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|Title:||Evolution of marsupial and other vertebrate thyroxine-binding plasma proteins|
|Citation:||American Journal of Physiology, 1994; 266(4):R1359-R1370|
|Publisher:||American Physiological Society|
|Samantha J. Richardson, Adrian J. Bradley, Wei Duan, Richard E. Wettenhall, Paul J. Harms, Jeffrey J. Babon, Bridget R. Southwell, Stewart Nicol, Stephen C. Donnellan, and Gerhard Schreiber|
|Abstract:||Binding of radioactive thyroxine to proteins in the plasma of vertebrates was studied by electrophoresis followed by autoradiography. Albumin was found to be a thyroxine carrier in the blood of all studied fish, amphibians, reptiles, monotremes, marsupials, eutherians (placental mammals), and birds. Thyroxine binding to transthyretin was detected in the blood of eutherians, diprotodont marsupials, and birds, but not in blood from fish, toads, reptiles, monotremes, and Australian polyprotodont marsupials. Globulins binding thyroxine were only observed in the plasma of some mammals. Apparently, albumin is the phylogenetically oldest thyroxine carrier in vertebrate blood. Transthyretin gene expression in the liver developed in parallel, and independently, in the evolutionary lineages leading to eutherians, to diprotodont marsupials, and to birds. In contrast, high transthyretin mRNA levels, strong synthesis, and secretion of transthyretin in choroid plexus from reptiles and birds indicate that transthyretin gene expression in the choroid plexus evolved much earlier than in the liver, probably at the stage of the stem reptiles. NH2-terminal sequence analysis suggests a change of transthyretin pre-mRNA splicing during evolution.|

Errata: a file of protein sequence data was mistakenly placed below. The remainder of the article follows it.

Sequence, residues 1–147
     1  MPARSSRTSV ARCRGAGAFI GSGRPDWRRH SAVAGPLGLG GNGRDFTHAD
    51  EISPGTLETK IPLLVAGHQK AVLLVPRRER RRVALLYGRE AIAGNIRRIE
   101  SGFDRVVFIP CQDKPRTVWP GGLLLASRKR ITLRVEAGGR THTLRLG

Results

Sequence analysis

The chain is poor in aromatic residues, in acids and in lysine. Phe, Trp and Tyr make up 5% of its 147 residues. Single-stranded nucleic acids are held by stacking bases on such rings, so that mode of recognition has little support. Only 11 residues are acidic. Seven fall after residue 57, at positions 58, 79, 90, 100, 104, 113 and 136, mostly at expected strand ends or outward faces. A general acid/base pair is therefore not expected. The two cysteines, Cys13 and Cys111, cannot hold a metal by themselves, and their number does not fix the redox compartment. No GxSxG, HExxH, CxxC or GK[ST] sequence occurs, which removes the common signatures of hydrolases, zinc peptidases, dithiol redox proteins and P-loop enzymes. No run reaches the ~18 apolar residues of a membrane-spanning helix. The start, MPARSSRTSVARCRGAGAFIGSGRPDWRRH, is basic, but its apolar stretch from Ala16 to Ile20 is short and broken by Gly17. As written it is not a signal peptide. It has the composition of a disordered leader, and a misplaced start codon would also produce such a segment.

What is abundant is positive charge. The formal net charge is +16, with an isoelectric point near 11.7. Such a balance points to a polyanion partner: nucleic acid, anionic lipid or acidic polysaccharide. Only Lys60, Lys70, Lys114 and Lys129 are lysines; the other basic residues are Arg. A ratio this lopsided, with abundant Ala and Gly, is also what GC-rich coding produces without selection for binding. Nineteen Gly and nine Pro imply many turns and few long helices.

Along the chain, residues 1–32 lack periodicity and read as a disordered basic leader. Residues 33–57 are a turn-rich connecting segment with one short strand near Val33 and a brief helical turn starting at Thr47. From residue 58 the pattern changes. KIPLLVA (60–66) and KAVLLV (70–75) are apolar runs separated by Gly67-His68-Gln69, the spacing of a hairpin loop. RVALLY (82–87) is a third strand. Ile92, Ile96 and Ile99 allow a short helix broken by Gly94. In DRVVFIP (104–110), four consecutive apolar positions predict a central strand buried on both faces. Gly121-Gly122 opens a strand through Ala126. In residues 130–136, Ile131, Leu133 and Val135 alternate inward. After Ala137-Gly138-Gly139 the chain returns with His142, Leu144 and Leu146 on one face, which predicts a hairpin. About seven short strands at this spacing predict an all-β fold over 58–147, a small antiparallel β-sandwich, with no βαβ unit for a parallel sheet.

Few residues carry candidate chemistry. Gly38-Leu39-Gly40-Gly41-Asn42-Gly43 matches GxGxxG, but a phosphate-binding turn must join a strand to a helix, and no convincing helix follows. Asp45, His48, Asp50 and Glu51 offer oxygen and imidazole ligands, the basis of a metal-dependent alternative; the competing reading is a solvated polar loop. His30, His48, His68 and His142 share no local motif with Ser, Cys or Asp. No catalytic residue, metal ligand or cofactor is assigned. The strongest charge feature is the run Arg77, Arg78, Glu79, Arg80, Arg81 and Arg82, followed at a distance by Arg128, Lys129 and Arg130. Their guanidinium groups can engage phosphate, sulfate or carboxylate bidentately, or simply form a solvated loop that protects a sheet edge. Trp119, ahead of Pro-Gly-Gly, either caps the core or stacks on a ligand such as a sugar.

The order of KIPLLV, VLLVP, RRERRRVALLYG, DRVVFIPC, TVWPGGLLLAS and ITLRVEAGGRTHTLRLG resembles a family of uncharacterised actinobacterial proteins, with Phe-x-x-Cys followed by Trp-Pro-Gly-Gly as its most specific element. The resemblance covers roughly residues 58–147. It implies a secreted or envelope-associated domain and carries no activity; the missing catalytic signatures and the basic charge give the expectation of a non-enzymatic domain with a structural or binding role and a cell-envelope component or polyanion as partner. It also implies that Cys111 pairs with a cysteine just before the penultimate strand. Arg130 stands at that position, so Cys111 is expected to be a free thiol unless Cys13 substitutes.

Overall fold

|Keywords:||Albumin; transthyretin; prealbumin; thyroxine-binding globulin; fish; amphibians; reptiles; monotremes; placental mammals; birds; amino acid sequence; gene expression; liver; transport; choroid plexus; RNA splicing; eutherians|
|Rights:||Copyright © 1994 the American Physiological Society. All rights reserved.|
|Appears in Collections:||Aurora harvest 8|
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